Thursday, February 16, 2012

Interesting times, indeed. Also, the issue of trust.

     I don't want to give the impression that there's no responsibility in my relationships.  The one rule we do have in our relationships is "No penetration without paperwork.  Well, hands are okay."  I know, how fascist, right? There's a secondary rule of "Don't be an asshole.  But really, I can't prevent you from being an asshole.  Just, you know, if you act like one, expect to be treated like one."

     Rules do not really equate to responsibility, anyway.  A metaphor I've used before is a child who doesn't take a cookie from the cookie jar when Mom's not looking.  Is it better if the kid doesn't take the cookie because he knows it's not right, or because he knows Mom will get upset at him? It's basically the same argument I use for those situations where someone tries to say that the fear of punishment from God is what keeps people moral, and that people who do not believe in such god are clearly immoral. 

     I feel huge amounts of responsibility for the people around me; friends, partners, anyone whose life I touch.  This includes people who are vaguely theoretical, such as the probably awesome lady I'm about to meet in a couple of days.  My rants about rules have to do with *everything,* not just this current situation.  What it really boils down to is that fact that I know I'm trustworthy, but people have a hard time giving trust without buckets of proof.

    I made a choice a few years ago, which basically put to words something I'd felt for a long time before that.  If I trust people, they will occasionally disappoint me.  This will absolutely not be my fault for trusting them, but their fault for not being worthy of my trust.  As well, I've usually found that people violating my trust is a process, not a singular event, which happens after initial trust would have been gained anyway.  So what do we gain by not trusting? Well... we place the responsibility for that trust on ourselves, rather than on the people we interact with.  Which doesn't really make sense to me, as it is not our actions that have power over that trust, but the actions of others.  I'd prefer to put the responsibility where the ability to act lies.  When we choose not to trust, we also close ourselves to opportunities with other people, and instead place fear as our highest priority for maintenance.  I believe I've made it clear that I do not want to let fear dictate my actions, even if it sometimes does.  And for all that, we still get disappointed by people sometimes.

     If, on the other hand, we assume to trust others until proven wrong, we open ourselves for all of the possible good things others can bring into our lives.  When we extend trust, we often find that trust is more readily extended back to us.  When we believe in people, they can interact with us more fully, and be more sure of themselves and the situation.  When people feel more sure of things, it is easier for them to trust us, or at least their own position.  This isn't poly stuff, it's people stuff.

     It would be a fallacy to say that others will always deserve our trust if we extend it, and there are situations where the risk to oneself definitely outweighs the negative side of not trusting.  It's also important to listen to our intuition on these things sometimes.  Our intuition is the part of our brain which processes all sorts of information we don't have a vocabulary for, or which can be taken in with a split second, but take tons of time to prove.  Intuition reads the tiniest details about people; physically, the "energy" they put out, and it puts together patterns learned over our lifetimes, all into an instant decision.  There have been plenty of people I've met, or seen a picture of, and been able to tell that there are VERY BAD THINGS about that person, even though I can't exactly explain why.  I've been proven right enough times to know that my intuition works at better than random odds.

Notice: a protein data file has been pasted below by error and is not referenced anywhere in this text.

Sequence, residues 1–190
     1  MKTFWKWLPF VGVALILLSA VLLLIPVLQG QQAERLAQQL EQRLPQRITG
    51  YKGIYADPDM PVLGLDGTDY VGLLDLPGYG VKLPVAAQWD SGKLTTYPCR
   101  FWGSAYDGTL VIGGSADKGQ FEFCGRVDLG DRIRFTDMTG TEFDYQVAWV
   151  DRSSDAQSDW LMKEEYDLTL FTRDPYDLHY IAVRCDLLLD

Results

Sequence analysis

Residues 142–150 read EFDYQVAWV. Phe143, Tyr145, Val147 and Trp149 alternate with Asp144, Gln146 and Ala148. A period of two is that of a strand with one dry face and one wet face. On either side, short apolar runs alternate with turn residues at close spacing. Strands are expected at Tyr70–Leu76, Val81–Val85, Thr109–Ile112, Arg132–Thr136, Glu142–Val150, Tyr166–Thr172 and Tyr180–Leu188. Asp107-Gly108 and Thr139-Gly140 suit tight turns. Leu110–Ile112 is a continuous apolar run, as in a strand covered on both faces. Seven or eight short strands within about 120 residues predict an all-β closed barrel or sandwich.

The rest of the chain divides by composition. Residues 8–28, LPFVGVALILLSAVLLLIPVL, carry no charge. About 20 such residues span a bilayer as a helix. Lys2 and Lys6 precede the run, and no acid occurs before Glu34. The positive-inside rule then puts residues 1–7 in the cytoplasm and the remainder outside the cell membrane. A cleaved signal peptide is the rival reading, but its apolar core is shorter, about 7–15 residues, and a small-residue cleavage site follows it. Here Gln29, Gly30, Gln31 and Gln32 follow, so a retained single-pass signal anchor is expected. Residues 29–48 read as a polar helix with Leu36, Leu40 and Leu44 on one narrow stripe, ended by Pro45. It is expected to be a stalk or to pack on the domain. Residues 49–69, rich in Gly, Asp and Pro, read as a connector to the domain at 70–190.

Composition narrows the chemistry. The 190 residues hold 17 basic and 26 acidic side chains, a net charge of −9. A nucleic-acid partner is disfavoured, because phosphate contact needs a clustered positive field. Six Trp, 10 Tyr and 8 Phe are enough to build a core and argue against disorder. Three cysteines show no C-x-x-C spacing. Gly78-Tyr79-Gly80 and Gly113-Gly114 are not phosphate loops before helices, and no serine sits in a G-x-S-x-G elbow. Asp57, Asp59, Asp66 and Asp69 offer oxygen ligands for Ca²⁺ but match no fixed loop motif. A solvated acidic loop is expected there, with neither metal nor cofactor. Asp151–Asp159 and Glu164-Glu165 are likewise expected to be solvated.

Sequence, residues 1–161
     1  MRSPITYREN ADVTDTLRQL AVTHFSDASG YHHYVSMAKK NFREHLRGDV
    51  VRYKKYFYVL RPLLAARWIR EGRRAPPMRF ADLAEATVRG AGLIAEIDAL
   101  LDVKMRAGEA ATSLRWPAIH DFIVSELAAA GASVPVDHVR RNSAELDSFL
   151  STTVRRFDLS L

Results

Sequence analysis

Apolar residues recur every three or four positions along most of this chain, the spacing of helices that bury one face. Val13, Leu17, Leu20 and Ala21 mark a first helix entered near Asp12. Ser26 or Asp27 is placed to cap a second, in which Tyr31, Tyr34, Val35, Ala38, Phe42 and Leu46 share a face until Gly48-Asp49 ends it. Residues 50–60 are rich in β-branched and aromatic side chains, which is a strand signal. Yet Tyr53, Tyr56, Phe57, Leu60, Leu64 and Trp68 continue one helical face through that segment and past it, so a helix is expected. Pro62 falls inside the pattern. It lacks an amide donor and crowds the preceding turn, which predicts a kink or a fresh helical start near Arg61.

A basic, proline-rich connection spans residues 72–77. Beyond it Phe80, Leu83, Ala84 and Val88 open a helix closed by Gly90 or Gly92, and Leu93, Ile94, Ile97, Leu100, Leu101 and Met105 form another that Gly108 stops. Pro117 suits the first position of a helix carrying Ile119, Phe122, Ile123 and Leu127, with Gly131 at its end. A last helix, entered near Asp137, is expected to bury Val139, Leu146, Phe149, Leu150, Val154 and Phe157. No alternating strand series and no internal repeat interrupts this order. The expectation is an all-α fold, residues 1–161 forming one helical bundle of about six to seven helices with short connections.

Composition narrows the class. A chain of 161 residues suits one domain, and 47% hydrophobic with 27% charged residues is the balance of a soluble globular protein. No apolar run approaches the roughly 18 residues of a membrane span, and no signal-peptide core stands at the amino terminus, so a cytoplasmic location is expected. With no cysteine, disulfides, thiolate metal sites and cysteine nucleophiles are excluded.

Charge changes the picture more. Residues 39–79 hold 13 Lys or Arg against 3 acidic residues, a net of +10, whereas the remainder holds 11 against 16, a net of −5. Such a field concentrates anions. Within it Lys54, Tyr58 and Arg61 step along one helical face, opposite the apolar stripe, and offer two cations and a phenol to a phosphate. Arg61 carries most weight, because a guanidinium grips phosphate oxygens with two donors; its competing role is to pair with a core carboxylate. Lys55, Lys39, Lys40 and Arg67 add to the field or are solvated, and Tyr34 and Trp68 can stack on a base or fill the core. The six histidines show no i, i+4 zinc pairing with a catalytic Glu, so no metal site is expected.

Listening to intuition versus our learned fears can be a tricky thing.  Our learned fears try to protect themselves, and will try to convince us that they are, in fact, the instinct and intuition which has been honed by thousands of years of human development.  But these are clearly not the same things.  One is (often irrational) learned behavior, and the other is what has kept our species alive long enough to invent lasers and spaceships and skyscrapers and blogs.  If one really hasn't learned to differentiate between the two, perhaps it is best err on the side of fear until the difference has been made clear.  I suppose that for me, it's been a part of the general growth project I started several years ago.

     Because of the way I feel about trust, and my feelings of responsibility regarding my situation with Horus, I did something most people would not be willing to do.  I extended an invitation to his lady to come to our house, and offered to make dinner and let her get a feel for our home environment.  Perhaps because I was willing to extend that trust, she decided to return the favor by being willing to come here by herself.  Because we've already extended trust, we've been able to connect a little, and everyone seems to be feeling better about the situation.  If I had approached everything with suspicion, I can guarantee that the results would be much different, and the process of getting to know each other would be greatly hindered. 

     That said, if she hadn't been willing to do the same, the results would also be much different.  Trusting people gives them the opportunity to do what they really want to do, even if it is sometimes a nerve-wracking process.  I have a lot of hope for this new adventure, and while hope is also complicated and seen as dangerous by many people, that's another subject for another day.

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